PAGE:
Most of the documents made for the United States documents have the same core values involved. For example, the “I Have a Dream” speech, Emancipation Proclamation, and the Bill of Rights all talk about themes of equality, justice, and freedom to it’s fullest extent. In the “I Have a Dream” speech, Martin Luther King speaks about equality and justice equal among all races. The Emancipation Proclamation states that the slaves are freed, thus equality between all persons, and justice for everyone, no matter what race they are. The Bill of Rights tells all the rights of every citizen of the United States that the government may not intervene with, meaning freedom and equal rights for every citizen and justice for the government to not be able to intervene with the rights. I believe these values make up our American Creed today.
When Martin Luther King states “We refuse to believe that there are insufficient funds in the great vaults of opportunity of this nation. So we’ve come to cash this check, a check that will give us upon demand the riches of freedom and the security of justice,” (King 2). This quote shows how the African-Americans have been given freedom, but never actually were able to receive the freedom that they were given. He refers to the freedom that was given in the Emancipation Proclamation and says that the African-Americans were told that there were “insufficient funds” when they tried to cash their check for freedom. However, Martin Luther King says that it has been way too long and now is the time for them to “cash their check” for freedom, equality, and justice in the land of opportunity.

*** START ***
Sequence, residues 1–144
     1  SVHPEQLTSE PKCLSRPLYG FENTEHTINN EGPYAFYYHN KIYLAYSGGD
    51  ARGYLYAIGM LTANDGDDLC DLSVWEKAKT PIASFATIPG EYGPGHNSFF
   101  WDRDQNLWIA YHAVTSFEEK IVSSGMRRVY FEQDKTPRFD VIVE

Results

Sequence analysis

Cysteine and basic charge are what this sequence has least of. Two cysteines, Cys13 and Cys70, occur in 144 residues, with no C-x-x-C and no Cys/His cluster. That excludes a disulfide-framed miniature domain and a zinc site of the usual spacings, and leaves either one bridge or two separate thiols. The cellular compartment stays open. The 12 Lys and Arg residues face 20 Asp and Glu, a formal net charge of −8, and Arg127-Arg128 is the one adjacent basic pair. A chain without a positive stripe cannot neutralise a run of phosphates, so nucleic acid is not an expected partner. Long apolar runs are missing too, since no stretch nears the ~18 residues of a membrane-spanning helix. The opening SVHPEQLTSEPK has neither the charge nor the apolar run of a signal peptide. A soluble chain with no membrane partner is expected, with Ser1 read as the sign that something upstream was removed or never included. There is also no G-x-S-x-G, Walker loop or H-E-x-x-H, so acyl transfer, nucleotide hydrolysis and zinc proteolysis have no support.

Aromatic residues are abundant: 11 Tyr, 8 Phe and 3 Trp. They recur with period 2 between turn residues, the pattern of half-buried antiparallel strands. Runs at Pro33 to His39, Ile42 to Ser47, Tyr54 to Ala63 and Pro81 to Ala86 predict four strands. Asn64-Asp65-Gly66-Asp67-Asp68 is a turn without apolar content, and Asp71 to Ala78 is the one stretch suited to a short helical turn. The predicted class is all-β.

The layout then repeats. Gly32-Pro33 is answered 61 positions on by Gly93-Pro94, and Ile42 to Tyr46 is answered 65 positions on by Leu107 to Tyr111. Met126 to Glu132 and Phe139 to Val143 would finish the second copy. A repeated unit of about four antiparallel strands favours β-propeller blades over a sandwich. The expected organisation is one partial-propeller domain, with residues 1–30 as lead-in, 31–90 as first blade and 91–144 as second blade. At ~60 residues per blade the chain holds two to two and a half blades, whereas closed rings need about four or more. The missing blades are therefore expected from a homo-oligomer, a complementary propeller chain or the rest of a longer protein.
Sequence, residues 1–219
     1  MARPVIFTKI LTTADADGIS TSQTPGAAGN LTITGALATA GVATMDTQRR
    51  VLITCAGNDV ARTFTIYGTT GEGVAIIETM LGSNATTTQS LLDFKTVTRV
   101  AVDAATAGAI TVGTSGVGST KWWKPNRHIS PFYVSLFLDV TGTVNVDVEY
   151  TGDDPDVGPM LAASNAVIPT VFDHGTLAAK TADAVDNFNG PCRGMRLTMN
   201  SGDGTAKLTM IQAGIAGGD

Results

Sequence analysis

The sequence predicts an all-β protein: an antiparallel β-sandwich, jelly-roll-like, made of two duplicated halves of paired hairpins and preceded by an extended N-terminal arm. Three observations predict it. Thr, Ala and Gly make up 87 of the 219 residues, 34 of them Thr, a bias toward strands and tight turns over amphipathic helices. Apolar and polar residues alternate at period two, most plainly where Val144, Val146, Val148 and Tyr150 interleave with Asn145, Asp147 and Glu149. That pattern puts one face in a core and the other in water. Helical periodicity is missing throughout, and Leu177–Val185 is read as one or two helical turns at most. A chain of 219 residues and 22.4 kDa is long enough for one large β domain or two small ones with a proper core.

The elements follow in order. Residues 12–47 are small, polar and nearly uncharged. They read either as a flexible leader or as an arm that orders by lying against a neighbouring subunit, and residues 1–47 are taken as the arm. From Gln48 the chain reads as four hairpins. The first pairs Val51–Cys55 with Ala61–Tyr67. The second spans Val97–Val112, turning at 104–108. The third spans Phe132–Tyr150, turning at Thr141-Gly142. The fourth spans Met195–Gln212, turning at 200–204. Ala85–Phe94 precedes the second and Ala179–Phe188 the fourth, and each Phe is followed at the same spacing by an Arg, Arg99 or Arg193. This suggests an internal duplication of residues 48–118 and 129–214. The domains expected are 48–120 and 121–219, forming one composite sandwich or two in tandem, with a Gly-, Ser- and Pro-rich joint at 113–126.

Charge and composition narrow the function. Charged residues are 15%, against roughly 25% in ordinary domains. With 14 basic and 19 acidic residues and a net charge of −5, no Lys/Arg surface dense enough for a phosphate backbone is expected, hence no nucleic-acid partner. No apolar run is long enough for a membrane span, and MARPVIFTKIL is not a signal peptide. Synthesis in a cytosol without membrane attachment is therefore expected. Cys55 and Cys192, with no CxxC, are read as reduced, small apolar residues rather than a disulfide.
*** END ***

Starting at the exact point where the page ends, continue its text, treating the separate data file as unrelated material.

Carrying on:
The Bill of Rights and the Emancipation Proclamation demonstrate those three same values that Martin Luther King did, even though they were 100 and 200 years before he even said the “I Have a Dream” speech. All of the texts talk about the three same values, freedom, equality, and justice. I believe that they represent our American Creed and the values of our country.
“Bill of Rights.” National Archives and Records Administration, www.archives.gov/exhibits/charters/bill_of_rights.html
King, Martin L., Jr. “I Have a Dream.” Speech. Lincoln Memorial, Washington, D. C. 28 Aug. 1963
Lincoln, Abraham. Emancipation Proclamation, January 1, 1863.Tags: okemoshighschool